The family of ellipses handled in the quoted passage was chosen specifically to have a simple equation in polar coordinates. Indeed,
from the ratio
we easily get the polar equation
familiar to some of us from a course in celestial mechanics ;-)
Anyway, here the parameters that the user is free to choose are $d$ and $e\in[0,1)$.
The other relevant coefficients: $a,b,h,c$ are then functions of $d$ and $e$,
and cannot be chosen independently. For example, the center of an ellipse
in this family is at the point $C=(h,0)=(-de^2/(1-e^2),0)$. As one of the focal points is fixed at the origin, $F_1=(0,0)$, the other focal point is then
at $F_2=(2h,0)$, i.e. on the negative $x$-axis (assuming $d>0$).
So this family of ellipses does not include any of those with the familiar equation
because the foci of those ellipses are off the origin unless $a=b$. But if $a=b$, then we have a circle, i.e. an ellipse with eccentricity $e=0$. But if $e=0$, equation $(1)$ immediately implies $r=0$, i.e. a circle with radius zero. So the only ellipse of form $(2)$ that is also of form $(1)$ is the degenerate ellipse consisting of a single point.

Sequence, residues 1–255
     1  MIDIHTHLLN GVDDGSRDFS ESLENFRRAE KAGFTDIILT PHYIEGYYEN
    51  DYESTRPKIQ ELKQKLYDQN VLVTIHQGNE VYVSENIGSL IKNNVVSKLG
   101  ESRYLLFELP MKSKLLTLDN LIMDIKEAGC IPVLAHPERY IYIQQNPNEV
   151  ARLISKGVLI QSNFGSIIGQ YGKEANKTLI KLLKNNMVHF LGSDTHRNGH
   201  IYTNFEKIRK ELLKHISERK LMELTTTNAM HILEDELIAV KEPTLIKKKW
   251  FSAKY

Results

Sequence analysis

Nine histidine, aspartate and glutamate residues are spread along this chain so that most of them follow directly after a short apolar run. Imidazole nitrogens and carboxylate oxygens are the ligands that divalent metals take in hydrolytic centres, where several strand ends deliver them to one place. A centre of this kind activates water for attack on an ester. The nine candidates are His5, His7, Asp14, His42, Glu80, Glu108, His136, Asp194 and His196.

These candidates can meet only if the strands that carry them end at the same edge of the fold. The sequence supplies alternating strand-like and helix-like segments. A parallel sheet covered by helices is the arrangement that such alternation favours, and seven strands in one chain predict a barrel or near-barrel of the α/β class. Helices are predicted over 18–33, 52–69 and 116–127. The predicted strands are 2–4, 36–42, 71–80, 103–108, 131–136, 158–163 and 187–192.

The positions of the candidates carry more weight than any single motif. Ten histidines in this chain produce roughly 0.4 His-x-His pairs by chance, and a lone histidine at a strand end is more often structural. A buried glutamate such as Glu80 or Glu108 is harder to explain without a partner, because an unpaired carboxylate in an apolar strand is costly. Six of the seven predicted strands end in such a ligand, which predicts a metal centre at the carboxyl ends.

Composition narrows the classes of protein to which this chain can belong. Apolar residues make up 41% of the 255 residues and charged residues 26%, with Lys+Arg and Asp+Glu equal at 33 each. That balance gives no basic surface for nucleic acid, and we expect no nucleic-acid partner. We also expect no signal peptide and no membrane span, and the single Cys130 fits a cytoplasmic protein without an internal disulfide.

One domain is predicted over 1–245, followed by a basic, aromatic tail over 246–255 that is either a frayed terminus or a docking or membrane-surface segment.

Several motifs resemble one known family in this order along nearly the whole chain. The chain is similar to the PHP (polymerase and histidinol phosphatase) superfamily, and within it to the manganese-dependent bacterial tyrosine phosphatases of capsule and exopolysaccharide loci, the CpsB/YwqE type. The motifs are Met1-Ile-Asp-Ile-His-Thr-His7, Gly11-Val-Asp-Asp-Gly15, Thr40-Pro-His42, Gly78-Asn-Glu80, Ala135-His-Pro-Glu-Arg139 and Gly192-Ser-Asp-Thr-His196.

In other words. Here an ellipse is formed by the loci of the points $P$ with the property that the ratio of their distances from a focal point and from the directrix is a constant. On a circle the distance to a focal point is also a constant, so the distance to the directrix must also be a constant. For this to happen either the circle collapses to a single point, or the directrix is at infinite distance. The latter case can be gotten here by a limiting process: letting $d\to\infty$ in such a way that $de$ remains a constant $R$. Then we must have $e\to0$, and $(1)$ becomes $r=R$ as expected.
Yet in other words. If one of the ellipses under discussion has its center at the origin, then
This implies that either $d=0$ or $e=0$. In either case equation $(1)$ gives $r=0$, i.e. a single point.